REFERRALS to exercise physiologists should be a priority for Australian GPs, according to Exercise is Medicine Australia spokesperson Jeff Coombes.
“The evidence is clear — exercise is medicine for the prevention and management of chronic conditions, including pain,” Prof Coombes said.
“Approximately half of all Australians are currently living with a chronic health condition. Exercise is one of the most powerful tools for preventing and managing chronic disease.
“Research published in the Journal of Science and Medicine in Sport indicated a person’s physical activity level is one of the best predictors of health, and yet many GPs aren’t asking their patients how much they move, much less prescribing exercise.”
As part of Exercise Right for Doctors Week, an annual campaign that was held in November, EIM partnered with Exercise Right, an exercise physiology information and referral platform, to help educate doctors and practice nurses as to the importance of exercise for their patients.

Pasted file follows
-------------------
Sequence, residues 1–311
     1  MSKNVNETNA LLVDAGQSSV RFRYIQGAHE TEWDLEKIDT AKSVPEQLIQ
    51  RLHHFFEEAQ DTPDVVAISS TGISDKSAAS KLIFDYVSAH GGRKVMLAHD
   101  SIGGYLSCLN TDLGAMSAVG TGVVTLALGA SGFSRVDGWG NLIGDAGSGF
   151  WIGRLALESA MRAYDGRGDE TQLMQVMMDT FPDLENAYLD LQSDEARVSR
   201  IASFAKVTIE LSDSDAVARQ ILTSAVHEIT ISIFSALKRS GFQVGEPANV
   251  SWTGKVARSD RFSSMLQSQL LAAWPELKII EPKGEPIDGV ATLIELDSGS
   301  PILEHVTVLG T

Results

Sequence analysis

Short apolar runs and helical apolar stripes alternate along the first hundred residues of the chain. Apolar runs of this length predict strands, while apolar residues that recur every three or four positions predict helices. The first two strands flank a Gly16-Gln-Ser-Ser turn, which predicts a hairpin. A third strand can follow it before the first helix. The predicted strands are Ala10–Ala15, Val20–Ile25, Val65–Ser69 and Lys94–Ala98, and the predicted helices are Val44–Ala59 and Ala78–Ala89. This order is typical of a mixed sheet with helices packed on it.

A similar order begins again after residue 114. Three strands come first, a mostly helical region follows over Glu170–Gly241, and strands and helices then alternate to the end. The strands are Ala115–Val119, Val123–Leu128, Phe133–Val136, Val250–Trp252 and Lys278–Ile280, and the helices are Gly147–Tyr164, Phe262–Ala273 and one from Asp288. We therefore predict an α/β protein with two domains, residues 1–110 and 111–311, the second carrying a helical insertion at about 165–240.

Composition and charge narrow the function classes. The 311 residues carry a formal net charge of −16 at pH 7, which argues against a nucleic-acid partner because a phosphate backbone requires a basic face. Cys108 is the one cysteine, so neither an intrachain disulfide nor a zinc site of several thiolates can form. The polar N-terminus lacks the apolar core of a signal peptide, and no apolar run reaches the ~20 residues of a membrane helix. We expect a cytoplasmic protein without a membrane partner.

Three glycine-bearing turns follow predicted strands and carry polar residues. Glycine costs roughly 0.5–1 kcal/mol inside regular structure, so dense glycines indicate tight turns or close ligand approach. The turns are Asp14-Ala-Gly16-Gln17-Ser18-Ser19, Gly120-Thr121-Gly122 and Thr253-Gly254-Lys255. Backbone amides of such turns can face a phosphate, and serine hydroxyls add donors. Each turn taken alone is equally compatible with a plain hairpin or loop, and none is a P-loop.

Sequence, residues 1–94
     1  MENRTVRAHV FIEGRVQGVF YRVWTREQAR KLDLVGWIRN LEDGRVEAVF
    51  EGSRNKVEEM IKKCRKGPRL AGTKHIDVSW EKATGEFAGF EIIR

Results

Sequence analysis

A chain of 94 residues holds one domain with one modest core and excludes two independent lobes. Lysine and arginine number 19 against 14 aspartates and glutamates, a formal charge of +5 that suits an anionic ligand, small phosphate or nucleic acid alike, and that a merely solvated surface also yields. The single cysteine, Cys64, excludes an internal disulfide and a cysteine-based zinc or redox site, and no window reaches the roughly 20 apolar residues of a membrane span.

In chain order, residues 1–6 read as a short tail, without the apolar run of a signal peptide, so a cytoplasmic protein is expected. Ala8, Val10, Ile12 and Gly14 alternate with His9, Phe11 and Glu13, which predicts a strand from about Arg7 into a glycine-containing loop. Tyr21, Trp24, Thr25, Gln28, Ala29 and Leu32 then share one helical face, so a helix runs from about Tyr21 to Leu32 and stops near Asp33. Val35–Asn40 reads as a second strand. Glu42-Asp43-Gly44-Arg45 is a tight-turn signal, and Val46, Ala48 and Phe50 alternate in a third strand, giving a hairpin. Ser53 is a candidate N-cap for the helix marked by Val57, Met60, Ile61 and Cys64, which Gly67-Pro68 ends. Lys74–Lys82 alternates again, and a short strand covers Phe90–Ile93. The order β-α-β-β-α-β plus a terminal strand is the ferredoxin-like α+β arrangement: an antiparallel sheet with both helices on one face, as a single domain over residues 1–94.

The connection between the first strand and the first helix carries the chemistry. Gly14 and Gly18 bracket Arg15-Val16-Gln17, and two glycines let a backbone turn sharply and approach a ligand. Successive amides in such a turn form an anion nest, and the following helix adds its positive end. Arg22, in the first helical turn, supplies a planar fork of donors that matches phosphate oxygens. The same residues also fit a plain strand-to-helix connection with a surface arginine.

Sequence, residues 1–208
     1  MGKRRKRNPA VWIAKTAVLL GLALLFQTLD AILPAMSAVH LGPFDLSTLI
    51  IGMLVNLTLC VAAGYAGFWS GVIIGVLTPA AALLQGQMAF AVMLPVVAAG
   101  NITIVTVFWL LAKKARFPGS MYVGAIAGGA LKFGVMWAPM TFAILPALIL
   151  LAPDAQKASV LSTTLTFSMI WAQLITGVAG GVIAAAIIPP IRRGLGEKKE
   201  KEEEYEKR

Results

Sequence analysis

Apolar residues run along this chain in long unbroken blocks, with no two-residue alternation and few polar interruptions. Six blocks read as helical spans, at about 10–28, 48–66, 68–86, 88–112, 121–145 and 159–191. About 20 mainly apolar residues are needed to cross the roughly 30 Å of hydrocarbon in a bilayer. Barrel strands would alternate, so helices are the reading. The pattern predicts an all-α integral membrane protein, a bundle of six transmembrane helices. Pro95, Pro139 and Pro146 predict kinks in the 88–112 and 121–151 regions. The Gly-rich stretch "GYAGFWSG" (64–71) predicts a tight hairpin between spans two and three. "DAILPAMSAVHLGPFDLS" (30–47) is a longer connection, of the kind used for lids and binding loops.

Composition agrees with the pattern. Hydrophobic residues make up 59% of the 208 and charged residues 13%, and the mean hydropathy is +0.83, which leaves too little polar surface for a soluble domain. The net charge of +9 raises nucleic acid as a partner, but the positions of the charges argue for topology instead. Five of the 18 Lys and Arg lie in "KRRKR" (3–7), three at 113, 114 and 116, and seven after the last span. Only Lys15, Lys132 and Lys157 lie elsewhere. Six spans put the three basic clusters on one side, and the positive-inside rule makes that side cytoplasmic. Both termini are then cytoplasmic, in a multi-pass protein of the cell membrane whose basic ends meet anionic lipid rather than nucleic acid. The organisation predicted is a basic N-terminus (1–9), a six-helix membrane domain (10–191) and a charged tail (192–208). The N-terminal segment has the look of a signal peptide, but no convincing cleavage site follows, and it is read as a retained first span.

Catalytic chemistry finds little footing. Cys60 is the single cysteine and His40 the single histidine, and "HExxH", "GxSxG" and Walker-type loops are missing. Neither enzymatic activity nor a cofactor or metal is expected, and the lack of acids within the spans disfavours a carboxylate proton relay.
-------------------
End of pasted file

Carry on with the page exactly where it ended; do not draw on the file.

Prof Coombes said medical students enrolled in a five-year medical degree spend an average of just five hours learning about exercise and physical activity.
“In addition, less than half (46.7%) of all Australian medical degrees teach future doctors about the national strength training guidelines,” he said.
“One study looking at over 7000 GPs and over 680,000 patient encounters found that there were less than 619 referrals to exercise physiologists.
“This is significant because exercise physiologists are the best placed allied health professionals for prescribing exercise to those living with chronic conditions, especially pain.
“Our desire is that through advocacy and education, we can encourage health care providers, with a specific focus on doctors and nurses, to review and assess every patient’s physical activity levels at every visit.”